8.  In Section 10 inspections, the strengths may be seen as:

    (a)  corporate judgements are made by more than one inspector;

    (b)  an inspection lasts more than one day, so that a range of learning and teaching is observed;

    (c)  greater opportunities exist to investigate continuity and progression in children's learning and experiences;

    (d)  the parents' questionnaire and meeting are valuable;

    (e)  the inclusion of children's responses to their educational experiences is useful; and

    (f)  there is a focus on the quality of leadership and management, including the use of resources.

  Our Association is pleased that these strengths are unlikely to change in light of the current Ofsted review of Section 10 inspections.

  In Section 122 inspections, the strengths may be seen as:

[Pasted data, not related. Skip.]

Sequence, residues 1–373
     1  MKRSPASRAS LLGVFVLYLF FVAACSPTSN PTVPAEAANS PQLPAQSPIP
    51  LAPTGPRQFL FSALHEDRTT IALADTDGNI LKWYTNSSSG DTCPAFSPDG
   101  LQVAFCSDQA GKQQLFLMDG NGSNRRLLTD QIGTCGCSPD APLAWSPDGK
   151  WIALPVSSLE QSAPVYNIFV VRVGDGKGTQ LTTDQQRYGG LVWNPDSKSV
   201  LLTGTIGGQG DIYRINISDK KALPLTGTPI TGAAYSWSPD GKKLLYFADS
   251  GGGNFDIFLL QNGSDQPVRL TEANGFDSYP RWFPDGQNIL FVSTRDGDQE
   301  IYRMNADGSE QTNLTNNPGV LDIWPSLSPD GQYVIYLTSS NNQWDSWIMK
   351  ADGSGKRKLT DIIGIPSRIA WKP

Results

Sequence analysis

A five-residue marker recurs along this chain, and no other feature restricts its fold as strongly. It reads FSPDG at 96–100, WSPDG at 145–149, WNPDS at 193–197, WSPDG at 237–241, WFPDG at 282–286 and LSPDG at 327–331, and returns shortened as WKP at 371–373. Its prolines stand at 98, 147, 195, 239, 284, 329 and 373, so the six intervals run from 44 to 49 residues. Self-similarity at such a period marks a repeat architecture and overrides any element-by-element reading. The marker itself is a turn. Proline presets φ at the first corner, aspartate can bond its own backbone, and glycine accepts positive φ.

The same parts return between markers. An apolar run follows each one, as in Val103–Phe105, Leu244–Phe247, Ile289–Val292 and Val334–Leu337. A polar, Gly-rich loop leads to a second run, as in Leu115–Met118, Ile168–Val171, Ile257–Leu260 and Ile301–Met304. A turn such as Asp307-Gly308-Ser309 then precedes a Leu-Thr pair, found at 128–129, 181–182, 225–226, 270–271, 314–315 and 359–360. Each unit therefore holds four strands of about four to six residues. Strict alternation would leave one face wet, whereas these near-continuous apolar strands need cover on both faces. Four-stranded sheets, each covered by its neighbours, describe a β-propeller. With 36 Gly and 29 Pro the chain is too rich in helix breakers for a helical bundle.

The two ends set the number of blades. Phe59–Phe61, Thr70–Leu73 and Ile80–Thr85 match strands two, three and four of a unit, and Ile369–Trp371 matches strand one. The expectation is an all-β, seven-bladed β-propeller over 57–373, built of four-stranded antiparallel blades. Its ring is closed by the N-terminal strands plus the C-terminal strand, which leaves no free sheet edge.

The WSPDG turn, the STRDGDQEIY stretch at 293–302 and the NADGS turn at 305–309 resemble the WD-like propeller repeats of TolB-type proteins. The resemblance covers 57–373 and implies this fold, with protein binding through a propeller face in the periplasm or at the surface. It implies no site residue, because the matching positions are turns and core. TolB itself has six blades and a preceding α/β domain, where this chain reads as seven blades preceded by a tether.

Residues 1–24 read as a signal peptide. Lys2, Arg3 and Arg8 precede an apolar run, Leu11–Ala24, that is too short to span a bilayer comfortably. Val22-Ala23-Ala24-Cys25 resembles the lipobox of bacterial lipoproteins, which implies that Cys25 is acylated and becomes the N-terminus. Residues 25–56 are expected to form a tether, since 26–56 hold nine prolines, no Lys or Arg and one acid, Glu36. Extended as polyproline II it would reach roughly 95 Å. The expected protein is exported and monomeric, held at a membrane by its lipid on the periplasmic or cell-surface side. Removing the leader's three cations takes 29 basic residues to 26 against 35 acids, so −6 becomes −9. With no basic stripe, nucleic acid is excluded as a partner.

(a)  inspectors with relevant and direct experience of working in the early years sector;

    (b)  the gathering of evidence via a notebook, enabling inspectors to return to and add to their observations over longer sessions; and

    (c)  clear criteria for the evaluation of practice.

  9.  In order to unify the two existing inspection regimes for the Foundation Stage successfully, NAEIAC would recommend that:

    (i)  The DfES and Ofsted seek to rationalise the number of "quality" standards that are currently identified i.e. the different Ofsted Frameworks; requirements for self-evaluation; Quality Assurance criteria (EYDCP Targets) and the Star Rating Scheme ("Building on Success")

    (ii)  Ofsted continue to expect, of all providers in all sectors, the highest rather than lowest standards from both current inspection regimes;

    (iii)  A new Ofsted Framework is elaborated, drawing on the best of both current processes;

    (iv)  The new inspection regime considers the process of inspection as carefully as the content;

    (v)  Quality criteria include aspects of care as well as education, so that Ofsted's current work on the Care Standards is extended into the maintained sector

    (vi)  The new Ofsted Inspection Framework for the Foundation Stage takes a lead from the QCA/DfES Curriculum Guidance for the Foundation Stage and focuses on learning before teaching;